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Young Eagles Soar

The original article appeared in the October 2009 edition of Entertainment Fort Smith.


Ryan Waldrop, Dillon Cunningham, and Harley Leakey track A-10 Warthogs from the control tower.


Yes, she was “kind of” scared to take her first airplane ride and try to help fly it, 9-year-old Baleigh Conn said. But the prospect of taking off into the “wild blue yonder” in the Beechcraft six-seater owned by Young Eagles volunteer pilot Keith Greene was exciting enough to subdue Baleigh’s first-flight jitters.

“I’ve never flown at all,’ the Alma Elementary School student said while getting a pre-flight inspection lesson from Greene. “My mom and I have been all over the country – Florida, Washington, Georgia, Alabama and Texas, where I was born, but we always just drive and drive to get there.”

Greene is an Alma Boys and Girls Club volunteer, substitute teacher and recently retired business owner. Since starting the Young Eagles flight program about a year ago, Greene has recruited and flown about 50 Alma-area candidates, at his own expense.

“This is not an Alma Boys and Girls Club program but we’re certainly a part of it now,” said Boys and Girls Club supervisor Melinda Milam. "It’s something one of our most faithful volunteers, Mr. Greene, has made possible for our kids and they love it. Otherwise, most of our kids would never get the chance to something like this and it has really opened their eyes to opportunities they had never even thought of. It has even inspired some students to try harder to make better grades. Once they've flown with Mr. Greene, they never stop talking about it.”


Baleigh Conn concentrates on in-flight instructions from Young Eagles volunteer pilot Keith Greene.


Greene said he decided to take on the Young Eagles program due to personal concerns about an ongoing decline in the numbers of America’s licensed pilots, and his desire to give students a first-hand introduction to joys of flying. In addition to his 1970 Sierra Beechcraft, he owns a 1963 four-passenger Musketeer.

The Young Eagles program was launched in 1992 by the international Experimental Aviation Association. Since then, many of the EAA’s more than 170,000 generous and enthusiastic pilots, including actor Harrison Ford, have volunteered their time and aircraft to make more than 1.4 million free flights possible for boys and girls ages 8 to 17. Their goal for sharing their passion for flying with the students is to hopefully get them interested in aviation before they graduate from high school.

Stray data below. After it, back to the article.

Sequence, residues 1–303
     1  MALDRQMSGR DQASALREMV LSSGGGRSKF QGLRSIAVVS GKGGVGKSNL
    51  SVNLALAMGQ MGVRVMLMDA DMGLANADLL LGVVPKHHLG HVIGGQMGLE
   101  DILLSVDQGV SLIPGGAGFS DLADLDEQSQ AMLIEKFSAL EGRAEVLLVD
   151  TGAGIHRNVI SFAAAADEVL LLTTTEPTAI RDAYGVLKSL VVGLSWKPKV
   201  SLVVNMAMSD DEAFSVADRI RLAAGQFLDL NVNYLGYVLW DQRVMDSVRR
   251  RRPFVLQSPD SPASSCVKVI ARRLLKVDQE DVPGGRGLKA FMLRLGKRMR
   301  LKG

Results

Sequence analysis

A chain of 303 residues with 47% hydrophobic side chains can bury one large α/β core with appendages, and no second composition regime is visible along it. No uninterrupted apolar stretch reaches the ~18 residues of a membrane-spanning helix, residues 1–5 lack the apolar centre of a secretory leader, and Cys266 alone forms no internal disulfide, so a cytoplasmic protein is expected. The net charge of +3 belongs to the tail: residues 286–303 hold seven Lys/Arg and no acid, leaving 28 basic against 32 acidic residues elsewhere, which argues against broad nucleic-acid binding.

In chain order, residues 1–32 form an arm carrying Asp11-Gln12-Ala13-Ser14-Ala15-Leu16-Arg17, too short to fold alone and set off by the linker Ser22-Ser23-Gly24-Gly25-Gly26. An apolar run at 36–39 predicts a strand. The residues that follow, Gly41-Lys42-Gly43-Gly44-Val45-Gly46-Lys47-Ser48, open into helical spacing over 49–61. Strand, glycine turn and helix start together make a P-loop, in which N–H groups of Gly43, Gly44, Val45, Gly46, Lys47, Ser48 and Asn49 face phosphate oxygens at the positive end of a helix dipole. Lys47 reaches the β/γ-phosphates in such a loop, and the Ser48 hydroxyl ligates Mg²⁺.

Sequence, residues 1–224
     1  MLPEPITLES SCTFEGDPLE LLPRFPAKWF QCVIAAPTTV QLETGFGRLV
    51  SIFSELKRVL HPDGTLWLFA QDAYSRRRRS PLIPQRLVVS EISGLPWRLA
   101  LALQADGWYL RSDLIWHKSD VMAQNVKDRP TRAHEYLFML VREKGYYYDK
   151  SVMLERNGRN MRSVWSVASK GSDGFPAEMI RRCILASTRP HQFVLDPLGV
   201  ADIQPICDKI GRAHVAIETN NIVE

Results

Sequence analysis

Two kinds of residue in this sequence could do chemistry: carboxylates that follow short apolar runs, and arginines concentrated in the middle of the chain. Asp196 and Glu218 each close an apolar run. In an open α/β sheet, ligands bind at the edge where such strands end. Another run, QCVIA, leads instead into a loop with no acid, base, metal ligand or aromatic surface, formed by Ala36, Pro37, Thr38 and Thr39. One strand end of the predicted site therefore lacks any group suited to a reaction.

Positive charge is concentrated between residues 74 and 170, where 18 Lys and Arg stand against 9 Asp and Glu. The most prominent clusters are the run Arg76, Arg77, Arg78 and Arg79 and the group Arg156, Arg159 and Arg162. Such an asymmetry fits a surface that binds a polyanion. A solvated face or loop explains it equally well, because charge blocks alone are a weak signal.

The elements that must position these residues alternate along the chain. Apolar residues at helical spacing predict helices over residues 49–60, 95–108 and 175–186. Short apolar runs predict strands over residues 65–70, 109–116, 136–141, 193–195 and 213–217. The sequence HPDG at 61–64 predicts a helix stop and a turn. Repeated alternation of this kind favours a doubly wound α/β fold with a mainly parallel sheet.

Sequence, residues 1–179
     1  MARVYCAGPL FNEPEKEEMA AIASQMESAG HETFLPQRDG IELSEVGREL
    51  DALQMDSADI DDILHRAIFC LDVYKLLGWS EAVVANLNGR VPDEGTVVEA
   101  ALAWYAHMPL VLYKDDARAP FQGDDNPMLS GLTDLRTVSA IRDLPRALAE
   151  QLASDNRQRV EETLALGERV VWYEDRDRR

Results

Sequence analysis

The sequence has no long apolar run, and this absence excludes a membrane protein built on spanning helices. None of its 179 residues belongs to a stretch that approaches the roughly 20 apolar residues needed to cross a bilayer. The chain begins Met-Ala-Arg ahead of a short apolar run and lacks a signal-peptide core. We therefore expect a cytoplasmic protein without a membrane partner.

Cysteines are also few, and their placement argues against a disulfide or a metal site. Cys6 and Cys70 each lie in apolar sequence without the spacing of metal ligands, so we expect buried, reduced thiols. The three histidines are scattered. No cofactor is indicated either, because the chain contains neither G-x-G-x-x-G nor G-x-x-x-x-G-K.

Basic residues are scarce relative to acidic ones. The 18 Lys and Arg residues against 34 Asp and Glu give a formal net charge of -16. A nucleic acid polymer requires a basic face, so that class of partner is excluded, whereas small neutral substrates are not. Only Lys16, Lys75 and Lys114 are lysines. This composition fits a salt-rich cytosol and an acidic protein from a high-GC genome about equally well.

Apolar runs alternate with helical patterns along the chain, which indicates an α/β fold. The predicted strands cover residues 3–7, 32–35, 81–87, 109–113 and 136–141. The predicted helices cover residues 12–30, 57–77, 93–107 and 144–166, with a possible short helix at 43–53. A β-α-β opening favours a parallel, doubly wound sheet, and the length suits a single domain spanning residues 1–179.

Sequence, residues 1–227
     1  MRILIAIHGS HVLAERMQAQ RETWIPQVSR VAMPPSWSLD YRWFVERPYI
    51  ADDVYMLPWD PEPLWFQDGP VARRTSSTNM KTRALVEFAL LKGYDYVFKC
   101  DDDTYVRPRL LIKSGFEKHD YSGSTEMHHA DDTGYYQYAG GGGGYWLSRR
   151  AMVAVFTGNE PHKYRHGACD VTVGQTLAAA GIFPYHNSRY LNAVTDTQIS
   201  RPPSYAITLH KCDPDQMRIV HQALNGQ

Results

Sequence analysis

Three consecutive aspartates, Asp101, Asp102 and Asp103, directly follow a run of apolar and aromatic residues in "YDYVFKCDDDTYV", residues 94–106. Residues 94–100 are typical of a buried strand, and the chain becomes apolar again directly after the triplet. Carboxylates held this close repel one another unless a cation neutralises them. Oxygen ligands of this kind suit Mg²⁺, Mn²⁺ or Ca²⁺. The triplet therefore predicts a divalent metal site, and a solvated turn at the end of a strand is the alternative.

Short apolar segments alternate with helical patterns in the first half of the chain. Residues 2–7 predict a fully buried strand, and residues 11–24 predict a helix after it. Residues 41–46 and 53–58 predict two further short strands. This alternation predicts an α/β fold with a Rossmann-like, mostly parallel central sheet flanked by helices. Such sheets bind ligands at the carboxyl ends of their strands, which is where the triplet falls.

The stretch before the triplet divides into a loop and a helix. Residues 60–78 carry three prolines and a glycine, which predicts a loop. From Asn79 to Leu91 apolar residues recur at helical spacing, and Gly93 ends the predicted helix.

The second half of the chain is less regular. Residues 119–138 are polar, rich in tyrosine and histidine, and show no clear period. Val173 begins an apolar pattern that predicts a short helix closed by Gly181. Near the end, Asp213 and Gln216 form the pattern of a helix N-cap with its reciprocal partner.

Several Alma Boys and Girls Club students have earned their Young Eagles certification, but there are several more waiting their turn to fly. Greene also was recently approved to share the program with Alma High School’s Navy ROTC students, so that will add another 90 to 100 students to his waiting list.

“What I’m really hoping is that we can get some other area pilots involved in the Young Eagles program, too, so that more local young people can have the opportunity to participate,” Green said. He said he has been told other area pilots have been involved with the Young Eagles in the past, but doesn’t personally know of any others currently participating.

“The Fort Smith area has a rich history in aviation dating from the early 1900s – all a person has to do is visit the Fort Smith airport to see a display of the accomplishments of local people from the early days of aviation,” Greene says. “So, hopefully, some other area pilots will want to help more local young people get interested in aviation, too.”

When students at the Alma Boys and Girls Club express interest to Greene about the Young Eagles, he gives them information about the program to take home to their parents and consent forms for a special field trip to the Fort Smith Regional Airport.


Left: Air traffic control specialist Jim Fuhrman explains radar images to the fascination of Mason Sherly, Harley Leaky, Steven Heckard, and Ryan Waldrop.
Right: Pilot Abigail Mayes grins as she and co-pilot Cain Bull "fly" one of Greene's planes in its Tac Air hanger.


At the airport, Greene and other volunteers take the students in groups of 25 to 30 on a tour of the control tower and radar room, normally off limits to the public. The students then visit the Tac Air hanger where Greene keeps his two planes. Following a quick lunch, the students are allowed to make hands-on, inside and outside inspections of Greene’s planes and ask questions.

Getting familiar with his planes before they take their individual, one-hour flights with Greene helps the students be a little more relaxed – especially if they’ve never flown, Greene says.

While some students may experience a little anxiety before a flight, once they’re soaring through the air at more than 100 mph looking for familiar landmarks below and briefly taking over the controls, they find their experience to be exhilarating and exciting, Greene notes.



Greene presents Baleigh her Young Eagles flight certtificates. Now, her name is in "the world's largest log book" at EAA Air Venture Museum, Qahkosh, Wis.


Witnessing a Young Eagles’ response to getting to fly is payoff enough for Greene, he says. But if Baleigh, or any of the other students in the program, goes on to become a pilot or work in an aviation field, he will be even more certain his time and effort have been well spent.


Young Eagles with Alma Boys and Girls Club staff and volunteers at Tac Air.


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